Friday, April 13, 2018

Quantum random number generator is bogus

A new Nature article (paywalled) claims to have invented a random number generator:
Researchers have come up with a way to generate truly random numbers using quantum mechanics. The method uses photons to generate a string of random ones and zeros, and leans on the laws of physics to prove that these strings are truly random, rather than merely posing as random. The researchers say their work could improve digital security and cryptography.

The challenge for existing random number generators is not only creating truly random numbers, but proving that those numbers are random. "It's hard to guarantee that a given classical source is really unpredictable," says Peter Bierhorst, a mathematician at the National Institute of Standards and Technology (NIST), where this research took place. "Our quantum source and protocol is like a fail-safe. We're sure that no one can predict our numbers."
He is "sure", because it is "like a fail-safe"?!

No, they are making a fundamental conceptual error here is talking about "truly random numbers", and thinking that quantum mechanics is some sort of magic ingredient.

There are lots of commercially available random number generators, whose output no one can predict. There is probably one on whatever computer you are using to read this message. See RdRand for details.
"Something like a coin flip may seem random, but its outcome could be predicted if one could see the exact path of the coin as it tumbles," adds Bierhorst, "Quantum randomness, on the other hand, is real randomness. We're very sure we're seeing quantum randomness because only a quantum system could produce these statistical correlations between our measurement choices and outcomes."

When it comes to the source of the randomness, we're back to good old quantum superpositions, where a quantum particle can be a one, zero, or both at once. The measurement of these superpositions has fundamentally unpredictable results. The method doesn't so much use the superpositions themselves to generate the data, but the correlations between these superpositions when photons are looked at in pairs.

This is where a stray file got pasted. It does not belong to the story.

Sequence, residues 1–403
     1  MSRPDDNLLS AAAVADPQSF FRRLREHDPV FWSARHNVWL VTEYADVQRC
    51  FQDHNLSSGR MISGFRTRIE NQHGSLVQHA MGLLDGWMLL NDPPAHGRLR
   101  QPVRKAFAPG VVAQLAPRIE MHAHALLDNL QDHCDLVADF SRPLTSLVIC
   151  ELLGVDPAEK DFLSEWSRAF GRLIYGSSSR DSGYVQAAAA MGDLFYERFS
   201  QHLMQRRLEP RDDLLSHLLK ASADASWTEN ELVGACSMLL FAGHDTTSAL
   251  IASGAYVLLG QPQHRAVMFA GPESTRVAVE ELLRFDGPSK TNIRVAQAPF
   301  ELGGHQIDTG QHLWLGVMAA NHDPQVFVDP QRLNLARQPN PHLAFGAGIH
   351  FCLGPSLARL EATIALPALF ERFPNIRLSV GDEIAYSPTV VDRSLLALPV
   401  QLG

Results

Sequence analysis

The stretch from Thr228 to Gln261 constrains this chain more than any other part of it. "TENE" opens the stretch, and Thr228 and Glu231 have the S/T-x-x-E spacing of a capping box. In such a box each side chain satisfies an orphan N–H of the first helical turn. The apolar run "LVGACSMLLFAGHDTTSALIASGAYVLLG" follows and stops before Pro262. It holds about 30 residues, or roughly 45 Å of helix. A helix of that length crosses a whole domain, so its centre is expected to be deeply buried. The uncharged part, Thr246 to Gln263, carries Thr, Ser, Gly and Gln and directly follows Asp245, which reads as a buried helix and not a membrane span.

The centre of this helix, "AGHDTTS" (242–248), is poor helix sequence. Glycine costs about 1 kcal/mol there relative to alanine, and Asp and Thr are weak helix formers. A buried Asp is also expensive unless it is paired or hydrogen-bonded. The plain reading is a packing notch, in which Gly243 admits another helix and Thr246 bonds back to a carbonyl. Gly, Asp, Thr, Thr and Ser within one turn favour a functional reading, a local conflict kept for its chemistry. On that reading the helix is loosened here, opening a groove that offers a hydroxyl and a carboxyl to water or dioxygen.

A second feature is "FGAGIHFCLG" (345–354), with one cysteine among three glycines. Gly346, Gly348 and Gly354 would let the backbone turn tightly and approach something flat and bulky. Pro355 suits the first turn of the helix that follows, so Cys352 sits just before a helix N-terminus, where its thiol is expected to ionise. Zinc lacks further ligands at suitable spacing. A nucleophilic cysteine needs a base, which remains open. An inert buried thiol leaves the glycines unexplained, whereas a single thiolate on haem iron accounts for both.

No, this is nonsense. Quantum randomness, if there is such a thing, probably affects coin tosses also, and they are not predictable.

Quantum randomness is often emphasized in the Copenhagen interpretation, but those who follow other interpretations, such as pilot wave, many worlds, and super-determinism, deny that there is any such thing. If we could prove quantum randomness, then we could eradicate these other silly interpretations. Unfortunately, we cannot.
However, the team goes a step further to improve the quality of its data. By analyzing the data produced, the researchers can home in on shorter strings where the occurrence of ones and zeros is nearer to fifty-fifty. The team has written a computer program to select the strings, which ironically uses a conventional random number generator to provide seed data, effectively telling the program what to look for.

The researchers call this proximity to fifty-fifty perfection "uniformity." From the more than 100 million bits generated, the researchers found 1,024 certified to be uniform to a trillionth of a percent. "A perfect coin toss would be uniform, and we made 1,024 bits almost perfectly uniform, each extremely close to equally likely to be 0 or 1," Bierhorst explains.
Okay, this is so stupid that it appears that we are being trolled.

They make this perfect quantum truly random number generator, but then they scanned the output to pick out the more random-looking numbers?!!

It is well-known that people are lousy at detecting random sequences, because they expect too much uniformity. See How to tell whether a sequence of heads and tails is random for a simple explanation. But these authors have rigged their system to get greater uniformity.

A advantage of the mathematical pseudo-random number generators is that they automatically get the uniformity correct. It is inherent in the generating formulas. A particular output may look non-uniform, but that is supposed to possible in a random number generator.

This paper was published in one of the world's top two scientific journals, as a great advance in quantum randomness or whatever the subject is. It is not. As a random number generator, it is not as good as what is currently in use in billions of computers. As a paper in quantum mechanics, it is hopelessly confused.

1 comment:

  1. There are fairly simple quantum sources of randomness but there are many classical sources that are much easier to implement, such as with clock drift. However, all of these sources present bias. You can take a fairly simple approach as refresh a PRNG with a hardware source of randomness.

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